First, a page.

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Veterans Advocacy Groups Pump Millions Into Midterm Election Campaigns

McClatchy Tribune News Service Politics

Veterans Advocacy Groups Pump Millions Into Midterm Election Campaigns

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By Eliza Newlin Carney, CQ Roll Call

WASHINGTON — Veterans organizations with overtly partisan messages and agendas have spent millions of dollars promoting candidates in tight Senate races this year, prompting criticism from veterans and established vet groups on both sides of the political divide.

Concerned Veterans for America, a conservative advocacy group with ties to the billionaire industrialists Charles and David Koch, has spent more than $2 million blasting Democratic Senate candidates, Center for Responsive Politics data show, largely for failing to fix problems at the Department of Veterans Affairs. The veterans group has both stoked and capitalized on outrage over the VA scandal involving long waiting times for medical care and the agency’s cover-up of those delays.

On the liberal side, VoteVets.org has set out to spend about $7 million to help Democrats in the midterm elections, according to its organizers. The VoteVets political action committee has delivered more than $1 million to candidates both in direct donations and in bundled contributions since its founding in 2006.

The explosion in veteran-focused campaign spending alarms some veterans and longtime veterans organizations. Membership-focused veterans associations, such as the American Legion, have long had special tax protections coupled with strict limits on their political activities. Some vets associated with the “old guard” worry that politics will swallow the best interests of veterans.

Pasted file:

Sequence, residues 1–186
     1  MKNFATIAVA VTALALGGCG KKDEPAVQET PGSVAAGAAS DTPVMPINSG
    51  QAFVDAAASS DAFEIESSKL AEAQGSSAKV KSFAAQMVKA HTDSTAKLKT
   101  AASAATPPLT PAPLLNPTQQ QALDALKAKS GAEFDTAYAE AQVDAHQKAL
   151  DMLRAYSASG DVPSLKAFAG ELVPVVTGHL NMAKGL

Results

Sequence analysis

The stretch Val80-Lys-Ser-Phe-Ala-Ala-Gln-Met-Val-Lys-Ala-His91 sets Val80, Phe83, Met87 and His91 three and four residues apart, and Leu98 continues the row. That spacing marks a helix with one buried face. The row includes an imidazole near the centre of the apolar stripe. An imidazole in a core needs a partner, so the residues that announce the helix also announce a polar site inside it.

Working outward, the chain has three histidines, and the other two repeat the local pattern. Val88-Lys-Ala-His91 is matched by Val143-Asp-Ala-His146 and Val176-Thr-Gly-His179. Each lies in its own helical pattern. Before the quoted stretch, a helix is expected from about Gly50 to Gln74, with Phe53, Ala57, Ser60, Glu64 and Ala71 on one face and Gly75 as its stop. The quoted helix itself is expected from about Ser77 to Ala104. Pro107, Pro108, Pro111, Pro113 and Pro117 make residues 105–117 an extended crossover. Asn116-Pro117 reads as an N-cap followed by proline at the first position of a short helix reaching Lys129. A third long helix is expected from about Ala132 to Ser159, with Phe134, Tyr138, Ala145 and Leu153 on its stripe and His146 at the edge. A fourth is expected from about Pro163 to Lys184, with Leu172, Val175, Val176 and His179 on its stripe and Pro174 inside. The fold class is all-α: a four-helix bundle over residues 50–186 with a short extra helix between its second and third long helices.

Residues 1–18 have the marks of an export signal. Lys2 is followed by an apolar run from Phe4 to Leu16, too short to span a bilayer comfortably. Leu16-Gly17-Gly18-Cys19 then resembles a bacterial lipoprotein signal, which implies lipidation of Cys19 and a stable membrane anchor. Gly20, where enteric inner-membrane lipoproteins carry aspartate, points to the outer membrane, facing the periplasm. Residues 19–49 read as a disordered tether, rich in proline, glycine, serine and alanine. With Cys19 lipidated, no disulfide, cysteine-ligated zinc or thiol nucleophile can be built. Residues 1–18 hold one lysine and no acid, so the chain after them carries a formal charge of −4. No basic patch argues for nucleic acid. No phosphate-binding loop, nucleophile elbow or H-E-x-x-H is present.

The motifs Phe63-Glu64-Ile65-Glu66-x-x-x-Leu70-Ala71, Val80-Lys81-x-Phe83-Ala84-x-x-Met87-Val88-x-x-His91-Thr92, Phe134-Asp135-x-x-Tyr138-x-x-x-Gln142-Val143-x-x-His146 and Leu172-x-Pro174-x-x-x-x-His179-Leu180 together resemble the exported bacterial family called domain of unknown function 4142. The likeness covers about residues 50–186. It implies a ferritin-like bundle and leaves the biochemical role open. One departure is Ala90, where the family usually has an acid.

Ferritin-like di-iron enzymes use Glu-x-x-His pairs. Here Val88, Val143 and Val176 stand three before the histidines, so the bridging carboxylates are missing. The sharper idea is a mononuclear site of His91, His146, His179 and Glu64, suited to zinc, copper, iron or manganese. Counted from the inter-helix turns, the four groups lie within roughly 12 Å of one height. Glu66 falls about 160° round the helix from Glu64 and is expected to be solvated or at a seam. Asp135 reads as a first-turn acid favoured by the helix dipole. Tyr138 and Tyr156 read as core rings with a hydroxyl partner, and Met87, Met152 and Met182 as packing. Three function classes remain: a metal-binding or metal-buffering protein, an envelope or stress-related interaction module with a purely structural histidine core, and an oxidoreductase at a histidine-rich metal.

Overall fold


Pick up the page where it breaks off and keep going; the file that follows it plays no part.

“Most mainstream veterans groups are required to be nonpartisan, and it concerns me that we do have groups on both extremes that are very partisan in their approach and very calculating in what they want to accomplish,” said Joe Violante, national legislative director of Disabled American Veterans, established in 1920 and congressionally chartered in 1932.

Violante voiced particular concern over attacks by Concerned Veterans for America against the VA. The conservative group has challenged VA funding increases and supports partially privatizing health care for veterans. Such steps could make fewer veterans eligible for more limited services, Violante said.

Concerned Veterans of America is run by and champions veterans, said Dan Caldwell, the group’s issues and campaign manager, a veteran himself. The group fills a void in the veterans’ community, he said, by advocating VA changes, deficit reduction and national security.

Caldwell acknowledged that the VA scandal “changed the whole dynamic of our organization,” but denied that the group’s big-money dollar attacks on such Democrats as North Carolina incumbent Sen. Kay Hagan and Rep. Bruce Braley of Iowa are political.

“These ads we consider issue advocacy,” Caldwell said. “They are based out of our VA reform efforts. We are not just a fly-by-night 501(c)(4) trying to use the VA scandal as an election-year issue. We have a long history on these issues. We have a real agenda on VA reform.”

But Concerned Veterans for America’s frequent attacks on the Affordable Care Act align it squarely with other Koch-affiliated groups. Freedom Partners Chamber of Commerce, a trade association at the heart of the Koch donor network, gave $5.2 million to Concerned Veterans for America, 2012 tax records show.

Freedom Partners also purchased extensive airtime in Iowa and North Carolina earlier this summer, according to the Sunlight Foundation — valuable spots that were eventually used by Concerned Veterans for America. Caldwell said his group paid for the spots, and Freedom Partners had canceled its reservations, which freed up ad time.

VoteVets Chairman Jon Soltz rejected any comparison between Concerned Veterans for America and his organization, which claims 450,000 members and was founded in 2006.